it will not discuss its nuclear program at this time.
  I think North Korea's nuclear program has to be addressed as a 
condition of any lasting peace, and the United States should lead its 
allies in making that crystal clear. While the talks are a notable 
development after 2 years of no communication between the two 
countries, we obviously need to be wary of North Korea's motives. We 
will have to see what actions follow and if the talks lead to any 
substantive steps by North Korea to dismantle its nuclear program.
  President Trump and Ambassador Haley have made it clear that North 
Korea must abandon its dangerous ambitions, and increased sanctions are 
providing additional pressure. We should make no concessions without 
fundamental progress. Of course, this will require cooperation from 
China to help exert pressure on North Korea and uphold U.N. 
  China has sought to tip the regional balance in its favor by 
objecting to the installation of missile defense platforms that would 
defend the United States and our allies against North Korean missiles. 
Meanwhile, it has been simultaneously expanding its own military, 
continuing to develop islands in international waters and exercising 
economic coercion.
  President Trump's national security strategy correctly acknowledges 
both China and Russia as challengers to American influence, interests, 
security, and prosperity.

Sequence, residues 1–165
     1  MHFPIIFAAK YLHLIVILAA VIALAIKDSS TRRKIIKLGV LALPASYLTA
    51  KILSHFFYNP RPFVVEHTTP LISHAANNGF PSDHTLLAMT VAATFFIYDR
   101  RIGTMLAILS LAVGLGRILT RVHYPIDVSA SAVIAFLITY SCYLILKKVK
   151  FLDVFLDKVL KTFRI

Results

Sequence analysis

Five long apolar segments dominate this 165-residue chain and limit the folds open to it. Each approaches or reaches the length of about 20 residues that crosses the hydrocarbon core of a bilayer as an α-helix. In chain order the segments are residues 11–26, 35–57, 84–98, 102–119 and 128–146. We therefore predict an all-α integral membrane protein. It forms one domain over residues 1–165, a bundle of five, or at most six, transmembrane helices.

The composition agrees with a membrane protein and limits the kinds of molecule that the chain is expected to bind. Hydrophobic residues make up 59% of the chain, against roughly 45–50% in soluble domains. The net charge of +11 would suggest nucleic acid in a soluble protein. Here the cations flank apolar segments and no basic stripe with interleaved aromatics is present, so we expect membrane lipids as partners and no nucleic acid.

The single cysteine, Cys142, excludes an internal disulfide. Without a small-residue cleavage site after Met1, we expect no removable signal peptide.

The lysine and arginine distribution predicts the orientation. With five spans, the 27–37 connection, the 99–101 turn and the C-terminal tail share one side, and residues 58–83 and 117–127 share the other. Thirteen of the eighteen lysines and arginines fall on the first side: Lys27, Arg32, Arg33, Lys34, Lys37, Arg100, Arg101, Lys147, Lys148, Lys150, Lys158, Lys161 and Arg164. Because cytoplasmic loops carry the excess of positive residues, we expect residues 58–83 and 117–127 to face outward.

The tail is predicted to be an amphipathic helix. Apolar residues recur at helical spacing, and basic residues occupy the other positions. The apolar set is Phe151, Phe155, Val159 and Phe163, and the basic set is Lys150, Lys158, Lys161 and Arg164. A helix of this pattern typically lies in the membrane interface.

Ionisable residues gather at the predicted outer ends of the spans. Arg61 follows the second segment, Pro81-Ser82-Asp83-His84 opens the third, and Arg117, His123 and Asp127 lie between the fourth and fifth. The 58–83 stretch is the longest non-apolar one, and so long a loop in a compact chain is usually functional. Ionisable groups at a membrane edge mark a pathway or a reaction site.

I have spoken on the Senate floor more than once to denounce Russia's 
continued annexation of Crimea, its subversion of Ukrainian 
sovereignty, and its efforts to undermine NATO, not to mention its 
continued denial of attempting to meddle with our election. Both the 
conventional challenges that our Nation continues to face and the 
persistent threat of radical terrorism underscore the perennial need to 
ensure that our military is the best prepared and the best equipped 
fighting force in the world.
  I have said it before, and I will say it again. If we don't get 
national security right, the rest of what we do here is just 
conversation. We have to be able to defend our country and our allies.
  Yes, investing in our national security and restoring our military, 
especially after years of neglect, will come at a cost, but as Army 
Chief of Staff GEN Mark Milley has said, ``The only thing more 
expensive than deterrence is actually fighting a war, and the only 
thing more expensive than fighting a war is fighting one and losing 
  In the next few weeks, the Senate will have a chance to vote to 
increase funding for our troops and to take real steps to restore our 
military readiness. I hope my colleagues across the aisle will work 
with us. If there is any issue--any issue--in this Chamber that should 
be bipartisan, it is this one. It is not an exaggeration to say the 
security of our Nation, our ability to live as a free people, depends 
upon the strength of our military. It is time to make sure our military 
men and women have the resources they need to defend our Nation.